Enjoy.

Judicial Review and Alexander Hamilton

Independence Day 2016 marks the 240th anniversary of the Second Continental Congress’ adoption of the Declaration of Independence on July 4, 1776. This milestone in US history is observed by Americans, young and old, as a national holiday on the same calendar date each year. If July 4 is a Saturday, it is observed on Friday, July 3. If July 4 is a Sunday, it is observed on Monday, July 5. This year government offices and schools are closed on Monday, July 4. See 5 U.S. Code § 6103. The library at Brooklyn Law School has reduced hours on Monday and will be open from 9am to 5pm so law students can study for the bar exam scheduled at the end of July.

RutgersIn Constitutional Law courses law students at BLS and throughout the country learn that the decision by Chief Justice John Marshall in Marbury v. Madison, 5 U.S. 137 (1803) is arguably the most important case in American law. It was the first U.S. Supreme Court case to apply the principle of “judicial review”, the power of federal courts to void acts of Congress in conflict with the Constitution. However, a newly acquired title in the BLS Library collection, Rutgers v. Waddington: Alexander Hamilton, the End of the War for Independence, and the Origins of Judicial Review by historian Peter Charles Hoffer (Call No. KF228.R877 H64 2016) makes clear that Marbury was not the first court in the new American Republic that considered the argument that a legislative enactment in conflict with a state or federal constitutional provision is void. One of the first decisions to address the question was Rutgers v. Waddington, decided in the Mayor’s Court in the City of New York on August 7, 1786. The case is important to American constitutional law because defendants’ primary attorney who argued for an expansive notion of judicial power was Alexander Hamilton, who advocated for the principal of judicial review in Federalist Paper No. 78.

The case was presented on June 29, 1784 with Chief Justice James Duane presiding. The facts showed that Plaintiff Elizabeth Rutgers owned a large brewery and alehouse on the northern side of Maiden Lane near where Gold Street now enters it. The brewery extended from Smith (now William) Street on the west, to Queen (now Pearl) Street, on the east; and from Maiden Lane, on the south, to John Street on the north. It was one of the most notable features in what is now the Financial District.  Plaintiff was forced to abandon the brewery during the British occupation of New York City. Under the Trespass Act of 1783, which permitted patriots to sue loyalists for damages to property in occupied areas of the state, Rutgers demanded rent from Joshua Waddington who had been running the brewery since it was abandoned. Alexander Hamilton, attorney for the defense, argued that the Trespass Act violated the 1783 peace treaty ratified earlier by Congress. Chief Justice Duane delivered a split verdict awarding Rutgers rent only from the time before the British occupation. The case was ultimately settled by the two parties. Importantly the case set a precedent for Congress’s legal authority over the states. In his ruling, Chief Justice James Duane wrote that “no state in this union can alter or abridge, in a single point, the federal articles or the treaty.”

Library Hours & Study Room Reservations: April 27 – May 15

exam timeLibrary hours for the reading and exam period, April 27th – May 12th, are 8:00am – 2:00am.  The circulation desk will close at 12 Midnight every night during this period.

On Friday, May 13th the Library will be open  8:00am – 10:00pm.

During the reading and exam period study room reservations are mandatory.  All study rooms will be locked beginning at 8:00am on Wednesday, April 27th and students must go to the circulation desk at the time of their reservation to pick up the key to the room.  Please remember the following about the use of the study rooms during the reading/exam period:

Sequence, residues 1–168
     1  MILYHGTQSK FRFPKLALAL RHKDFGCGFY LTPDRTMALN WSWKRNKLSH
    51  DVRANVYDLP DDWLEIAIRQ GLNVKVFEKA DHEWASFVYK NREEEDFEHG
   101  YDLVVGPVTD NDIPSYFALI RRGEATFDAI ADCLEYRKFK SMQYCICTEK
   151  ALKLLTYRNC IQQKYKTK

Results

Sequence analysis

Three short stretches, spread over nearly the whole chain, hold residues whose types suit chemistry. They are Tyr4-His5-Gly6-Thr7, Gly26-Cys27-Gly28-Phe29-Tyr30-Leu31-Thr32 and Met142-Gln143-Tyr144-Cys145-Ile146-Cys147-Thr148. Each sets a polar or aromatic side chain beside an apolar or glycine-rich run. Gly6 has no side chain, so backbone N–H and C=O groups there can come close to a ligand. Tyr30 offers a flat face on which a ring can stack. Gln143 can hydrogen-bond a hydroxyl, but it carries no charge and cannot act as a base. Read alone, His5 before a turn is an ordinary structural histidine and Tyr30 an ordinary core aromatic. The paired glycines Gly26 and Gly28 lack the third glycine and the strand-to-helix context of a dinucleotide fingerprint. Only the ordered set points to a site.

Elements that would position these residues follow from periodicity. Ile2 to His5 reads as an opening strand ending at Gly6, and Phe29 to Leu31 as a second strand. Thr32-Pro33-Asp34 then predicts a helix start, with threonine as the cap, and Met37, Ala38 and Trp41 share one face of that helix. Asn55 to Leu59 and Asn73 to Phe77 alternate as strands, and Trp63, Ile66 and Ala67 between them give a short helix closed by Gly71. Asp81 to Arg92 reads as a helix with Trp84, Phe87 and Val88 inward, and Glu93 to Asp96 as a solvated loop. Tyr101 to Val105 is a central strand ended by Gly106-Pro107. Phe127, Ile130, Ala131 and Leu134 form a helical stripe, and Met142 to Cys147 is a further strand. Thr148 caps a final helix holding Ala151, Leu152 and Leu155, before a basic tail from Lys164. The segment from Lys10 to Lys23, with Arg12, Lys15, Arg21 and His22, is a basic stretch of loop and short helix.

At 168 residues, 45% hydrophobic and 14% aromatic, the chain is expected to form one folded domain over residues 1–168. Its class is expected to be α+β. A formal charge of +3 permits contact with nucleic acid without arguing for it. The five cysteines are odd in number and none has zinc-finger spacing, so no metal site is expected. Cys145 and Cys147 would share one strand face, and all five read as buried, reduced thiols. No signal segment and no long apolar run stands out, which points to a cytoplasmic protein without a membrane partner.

• Study rooms are for the use of groups of two or more students.
  • Study rooms may be reserved for the current day and three days ahead.
  • Study room reservations may be made in time slots of 60 minutes.
  • Students may book up to 4 time slots per day.
  • The link to the study room reservations is on the library homepage under “Related Links.”

Please note that the Library will be open 9:00am – 12Midnight on Saturday & Sunday, May 14th & 15th for the Writing Competition weekend.

Good Luck on Your Exams & Have a Great Summer!

 

Spring Break Hours: March 19 – 27, 2016

Spring-BreakThe Library hours for the BLS spring recess are:

Saturday, March 19:  9am – 10pm

Sunday, March 20:  10am – 10pm

Monday – Friday, March 21 – 25:  9am – 10pm

Saturday, March 26:  9am – 10pm

Sunday, March 27:  10am – 12am

For future Library hours, be sure to check our daily calendar which can be found on the Library homepage, in the lower right corner.

Enjoy your spring break!

Presidents’ Day Library Hours

pres

The Library will be open on Monday, February 15, 2016 from 9:00 am – 10:00 pm.

Presidents’ Day is an American holiday celebrated on the third Monday in February. Originally established in 1885 in recognition of President George Washington, it is still officially called “Washington’s Birthday” by the federal government. Traditionally celebrated on February 22—Washington’s actual day of birth—the holiday became popularly known as Presidents’ Day after it was moved as part of 1971’s Uniform Monday Holiday Act, an attempt to create more three-day weekends for the nation’s workers.

Most people associate Presidents’ Day with George Washington and Abraham Lincoln, since Lincoln’s birthday is in February also (February 12).

The Library has several books on both of these presidents.  Check  out the titles below if you wish to learn more about these two presidents.

Freeman, Douglas Southall, George Washington, a biography (7 vol. set)

Marshall, John et al, The Life of George Washington (1838) Online Library of Liberty

Thomas, Benjamin Platt, Abraham Lincoln: a biography

Hubbard, Charles M., Lincoln, the law and presidential leadership (E-book)